As the world marks International Women’s Day, there are renewed calls for greater supports for women in business.
In Vancouver, female entrepreneurs gathered at the Cycle Collective Wednesday for a fundraiser for The Women’s Network mentorship programs, where many said they now rely on one another for support to overcome challenges many of their male peers don’t face.
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“It’s the communities that sort of keep my purpose and passion going and within the space and say the women entrepreneurs that I’ve met that are athletes, on careers that are mothers, we are one huge community and we support each other,” Cycle Collective owner Amanda Lau told Global News.
About 39 per cent of self-employed people in B.C. are women, the second highest in Canada behind Nova Scotia, according to the province’s 2022 small business profile report.
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That figure has held steady for the last five years, something young advocates like Laurel Brooksbank with the Women’s Network at UBC hope to help change.
The Women’s Network is a U.S.-based organization that has recently expanded to Canada, including a UBC chapter. Brooksbank said the group aims to help young entrepreneurial women build connections and confidence as they prepare to enter the professional world.
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“It’s pretty much a chapter about empowering women to get involved in professional spaces and really just encourage each other to go out be their best either in the professional world or the social world and empowering each other,” she said.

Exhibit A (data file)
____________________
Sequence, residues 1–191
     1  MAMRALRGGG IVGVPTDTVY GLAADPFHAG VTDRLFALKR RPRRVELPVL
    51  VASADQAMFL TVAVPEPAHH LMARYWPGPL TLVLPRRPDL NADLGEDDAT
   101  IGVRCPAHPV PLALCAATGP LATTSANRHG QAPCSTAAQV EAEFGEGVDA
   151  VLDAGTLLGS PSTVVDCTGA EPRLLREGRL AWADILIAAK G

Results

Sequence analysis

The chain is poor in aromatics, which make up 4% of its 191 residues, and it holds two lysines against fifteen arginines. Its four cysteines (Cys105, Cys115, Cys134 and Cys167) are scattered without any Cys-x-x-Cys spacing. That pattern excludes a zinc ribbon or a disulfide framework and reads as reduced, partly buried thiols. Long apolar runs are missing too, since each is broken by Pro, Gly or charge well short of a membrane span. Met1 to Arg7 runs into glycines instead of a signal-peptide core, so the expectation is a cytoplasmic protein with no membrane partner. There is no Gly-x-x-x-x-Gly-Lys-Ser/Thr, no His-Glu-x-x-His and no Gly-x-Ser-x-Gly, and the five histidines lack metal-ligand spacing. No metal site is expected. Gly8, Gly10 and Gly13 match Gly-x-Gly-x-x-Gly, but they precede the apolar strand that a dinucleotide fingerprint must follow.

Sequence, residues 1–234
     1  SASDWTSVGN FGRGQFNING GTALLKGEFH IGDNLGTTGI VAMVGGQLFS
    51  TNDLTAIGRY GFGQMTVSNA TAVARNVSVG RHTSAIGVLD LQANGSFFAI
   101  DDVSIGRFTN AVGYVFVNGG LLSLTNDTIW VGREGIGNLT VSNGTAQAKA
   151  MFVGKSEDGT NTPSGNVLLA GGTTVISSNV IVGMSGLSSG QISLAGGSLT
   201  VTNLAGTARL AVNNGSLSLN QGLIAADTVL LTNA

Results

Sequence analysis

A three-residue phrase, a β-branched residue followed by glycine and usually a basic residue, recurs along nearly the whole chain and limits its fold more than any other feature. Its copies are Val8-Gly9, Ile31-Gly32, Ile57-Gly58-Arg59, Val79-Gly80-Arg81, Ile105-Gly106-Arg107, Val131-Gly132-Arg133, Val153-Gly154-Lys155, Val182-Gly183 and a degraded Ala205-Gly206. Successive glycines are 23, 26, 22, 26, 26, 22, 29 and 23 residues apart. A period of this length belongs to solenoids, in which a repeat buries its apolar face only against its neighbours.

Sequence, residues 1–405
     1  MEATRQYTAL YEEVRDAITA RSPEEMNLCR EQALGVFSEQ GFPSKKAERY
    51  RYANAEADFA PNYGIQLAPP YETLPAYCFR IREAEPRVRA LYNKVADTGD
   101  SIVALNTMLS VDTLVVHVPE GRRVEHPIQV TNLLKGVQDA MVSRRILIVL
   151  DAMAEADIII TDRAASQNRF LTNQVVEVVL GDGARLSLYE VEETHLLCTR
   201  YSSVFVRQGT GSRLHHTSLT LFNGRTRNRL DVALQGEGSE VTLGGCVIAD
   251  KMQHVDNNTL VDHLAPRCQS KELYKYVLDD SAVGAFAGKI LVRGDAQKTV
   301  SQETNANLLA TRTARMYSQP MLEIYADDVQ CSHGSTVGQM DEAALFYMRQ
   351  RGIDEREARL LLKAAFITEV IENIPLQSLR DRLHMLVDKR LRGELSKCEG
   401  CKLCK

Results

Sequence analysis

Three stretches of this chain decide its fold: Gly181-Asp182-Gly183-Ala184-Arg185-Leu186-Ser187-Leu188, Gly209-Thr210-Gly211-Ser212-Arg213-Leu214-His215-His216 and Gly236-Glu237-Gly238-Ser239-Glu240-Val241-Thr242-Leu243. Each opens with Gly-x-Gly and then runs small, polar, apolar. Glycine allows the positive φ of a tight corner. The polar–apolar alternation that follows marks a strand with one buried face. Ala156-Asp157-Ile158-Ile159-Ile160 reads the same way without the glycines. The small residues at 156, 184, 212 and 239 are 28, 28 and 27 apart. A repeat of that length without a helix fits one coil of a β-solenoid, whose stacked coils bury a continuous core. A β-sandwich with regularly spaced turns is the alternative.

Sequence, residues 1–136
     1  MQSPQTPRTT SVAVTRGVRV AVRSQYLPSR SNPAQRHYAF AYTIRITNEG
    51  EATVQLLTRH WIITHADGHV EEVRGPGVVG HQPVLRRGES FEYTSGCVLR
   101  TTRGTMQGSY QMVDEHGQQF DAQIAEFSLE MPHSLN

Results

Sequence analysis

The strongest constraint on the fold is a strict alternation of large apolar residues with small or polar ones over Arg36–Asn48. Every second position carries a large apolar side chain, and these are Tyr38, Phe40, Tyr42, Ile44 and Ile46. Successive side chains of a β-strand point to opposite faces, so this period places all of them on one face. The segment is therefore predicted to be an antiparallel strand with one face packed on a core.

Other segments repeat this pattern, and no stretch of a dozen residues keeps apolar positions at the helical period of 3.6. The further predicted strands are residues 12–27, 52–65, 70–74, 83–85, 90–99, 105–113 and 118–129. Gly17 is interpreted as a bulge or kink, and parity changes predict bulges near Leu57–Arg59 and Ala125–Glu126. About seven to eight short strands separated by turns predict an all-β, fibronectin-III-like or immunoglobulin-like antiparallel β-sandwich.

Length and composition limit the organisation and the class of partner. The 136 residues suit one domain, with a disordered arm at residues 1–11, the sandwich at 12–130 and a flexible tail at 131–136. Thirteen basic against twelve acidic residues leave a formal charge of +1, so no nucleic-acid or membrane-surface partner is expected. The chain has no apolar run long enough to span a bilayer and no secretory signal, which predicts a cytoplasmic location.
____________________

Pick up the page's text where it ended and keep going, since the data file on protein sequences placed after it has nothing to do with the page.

“We want to make sure they’re empowered to feel like they have just as much right to be there as anyone and their opinion is just as valid and their ideas are just as good and to take up space, like they don’t need to feel quiet and small.”
The province’s small business profile report also found that female entrepreneurs often chose to work for themselves because of the flexible work-life balance.
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But that, too, can come with its own set of challenges.
Angie Buonassisi, a serial entrepreneur who has started three businesses in the last decade, including her recent skin-care start up Lontreau, said she relied heavily on the support of other women when she first got started.
“What was really difficult in the beginning was managing family and business — when I launched my first business I had a newborn baby, lost my receptionist and brought my baby to work. Those are the type of things you do as an entrepreneur,” she said.
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“I would say because I am a single mother, (it’s) challenging being at work and also raising two children and just managing my time,” added Lau.
Buonassisi said all of her companies are now female-led, with women in the key leadership positions.
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But she said the business world has work to do when it comes to making room for women to succeed.
“What I’d like to see other companies do is make that same commitment, and at the same time, making those small modifications that make it so that women like us can have families and careers, and that might mean a little bit more time off or a little bit more leniency if something is needed on the childcare front,” she said.
“If we can make that space for women it pays off, because women are really good at business.”
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Both women said they’d seen the business world change in positive ways for women in recent years, and while there’s more work to do, it’s worth it.
“It’s really important that we acknowledge that women, whatever their legacy is, or whatever purpose and passion they want, if it’s being a mother, if it’s being a business owner, they can do it all,” Lau said.
“I have a daughter — she’s seven — and I want her to know that whatever she puts her mind to, she can do.”
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